Physicists have found a way to foil a classic oobleck science trick

The cornstarch and water mixture solidifies under impact. A new technique makes it stay liquid

woman running barefoot across pit of ooblek

Runners can cross a liquid mixture of cornstarch and water, which solidifies when hit by footfalls. But now scientists have discovered a way to sink such runners.

Brett Morrison/Beakerhead/Flickr (CC BY-NC-ND 2.0)

It takes guts to attempt running across the surface of a liquid. Even more so if a sneaky physicist is nearby.

A mixture of cornstarch and water known as oobleck solidifies when hit with a forceful impact. That effect makes for a classic science party trick, in which participants run across the liquid’s surface (SN: 7/16/12). But a new technique could sink those runners, researchers report May 8 in Science Advances.

Oobleck is a non-Newtonian fluid, meaning that its viscosity changes depending upon the forces exerted on it. Other non-Newtonian fluids include ketchup and frog saliva (SN: 1/31/17), both of which get thinner with applied force, in contrast to oobleck.

In laboratory experiments, a cylinder dropped onto the surface of oobleck sank more quickly when researchers rapidly rotated the mixture’s container clockwise and counterclockwise. Normally, the impact of the cylinder would cause particles of cornstarch to come into contact with one another, jamming up into a solid. But by oscillating the container, “you basically move the particles so they are no longer in contact, and this makes it liquid again,” says physicist Meera Ramaswamy of Cornell University.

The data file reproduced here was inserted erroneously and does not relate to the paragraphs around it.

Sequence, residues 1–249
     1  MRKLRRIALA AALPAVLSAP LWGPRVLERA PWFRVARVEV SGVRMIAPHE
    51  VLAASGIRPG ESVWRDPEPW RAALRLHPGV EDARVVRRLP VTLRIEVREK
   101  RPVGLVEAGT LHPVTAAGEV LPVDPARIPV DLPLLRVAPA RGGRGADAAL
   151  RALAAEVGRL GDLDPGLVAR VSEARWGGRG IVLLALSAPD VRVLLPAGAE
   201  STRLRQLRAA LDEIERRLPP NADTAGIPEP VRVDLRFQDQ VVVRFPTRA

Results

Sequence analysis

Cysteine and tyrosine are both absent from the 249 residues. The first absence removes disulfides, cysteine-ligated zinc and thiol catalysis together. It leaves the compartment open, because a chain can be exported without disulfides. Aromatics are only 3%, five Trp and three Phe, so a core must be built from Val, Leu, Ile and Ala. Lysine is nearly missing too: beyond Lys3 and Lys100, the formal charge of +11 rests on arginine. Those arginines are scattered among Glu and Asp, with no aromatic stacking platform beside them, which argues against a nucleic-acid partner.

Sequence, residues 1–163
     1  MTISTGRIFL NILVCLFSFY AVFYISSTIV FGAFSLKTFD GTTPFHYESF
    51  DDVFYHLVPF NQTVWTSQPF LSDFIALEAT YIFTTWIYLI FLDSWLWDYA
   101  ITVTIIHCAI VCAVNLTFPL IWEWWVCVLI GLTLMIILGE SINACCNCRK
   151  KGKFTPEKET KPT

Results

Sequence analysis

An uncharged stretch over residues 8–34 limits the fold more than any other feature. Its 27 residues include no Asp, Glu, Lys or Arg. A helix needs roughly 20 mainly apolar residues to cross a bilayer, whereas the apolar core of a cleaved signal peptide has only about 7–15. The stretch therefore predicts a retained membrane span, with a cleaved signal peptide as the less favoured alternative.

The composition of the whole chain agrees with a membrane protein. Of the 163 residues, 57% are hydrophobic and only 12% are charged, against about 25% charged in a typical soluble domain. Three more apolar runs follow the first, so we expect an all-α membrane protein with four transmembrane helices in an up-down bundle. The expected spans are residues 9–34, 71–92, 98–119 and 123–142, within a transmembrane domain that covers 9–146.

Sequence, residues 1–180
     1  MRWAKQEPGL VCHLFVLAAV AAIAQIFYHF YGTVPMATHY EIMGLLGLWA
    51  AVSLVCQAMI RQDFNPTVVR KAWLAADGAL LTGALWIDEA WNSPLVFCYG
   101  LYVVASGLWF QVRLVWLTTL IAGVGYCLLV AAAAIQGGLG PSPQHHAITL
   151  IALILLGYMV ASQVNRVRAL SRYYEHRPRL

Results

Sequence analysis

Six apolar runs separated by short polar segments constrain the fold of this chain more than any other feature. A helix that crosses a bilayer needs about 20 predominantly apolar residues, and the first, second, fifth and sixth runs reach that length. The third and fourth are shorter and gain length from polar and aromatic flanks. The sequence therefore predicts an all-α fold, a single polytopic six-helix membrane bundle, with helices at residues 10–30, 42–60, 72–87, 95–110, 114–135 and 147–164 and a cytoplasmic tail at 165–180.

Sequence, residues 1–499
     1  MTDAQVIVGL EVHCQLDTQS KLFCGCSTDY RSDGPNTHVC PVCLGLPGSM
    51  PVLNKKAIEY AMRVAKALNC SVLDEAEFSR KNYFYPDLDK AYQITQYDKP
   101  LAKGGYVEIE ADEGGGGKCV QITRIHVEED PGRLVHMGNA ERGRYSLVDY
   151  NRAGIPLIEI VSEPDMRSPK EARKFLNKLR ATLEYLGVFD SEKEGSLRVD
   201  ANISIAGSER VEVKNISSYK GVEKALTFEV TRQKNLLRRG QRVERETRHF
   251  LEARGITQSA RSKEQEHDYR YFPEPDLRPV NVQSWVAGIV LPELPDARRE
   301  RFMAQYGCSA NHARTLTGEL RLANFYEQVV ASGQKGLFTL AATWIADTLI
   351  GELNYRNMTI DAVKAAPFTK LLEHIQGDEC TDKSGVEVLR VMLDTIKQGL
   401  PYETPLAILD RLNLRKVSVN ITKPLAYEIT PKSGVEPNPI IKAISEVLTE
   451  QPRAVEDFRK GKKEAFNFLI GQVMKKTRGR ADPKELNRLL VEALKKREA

In response to an impact, a mixture of cornstarch and water thickens into a solid. So a cylinder hitting the surface of that mixture sinks slowly. But when the container is rotated back and forth, it essentially reliquifies the mixture and the cylinder sinks more quickly. The same technique could be used to foil a classic physics demo: people running across the surface of the liquid.

The same effect, Ramaswamy and colleagues say, would sink a foot impacting the surface of oobleck in a rotating tub. It could also be useful in industrial processes involving similar fluids, for example, preventing clogs in tubes that carry cement.

The next step, she says, is to try the technique on a larger scale, in hopes of foiling would-be runners.

Physics writer Emily Conover has a Ph.D. in physics from the University of Chicago. She is a two-time winner of the D.C. Science Writers’ Association Newsbrief award.

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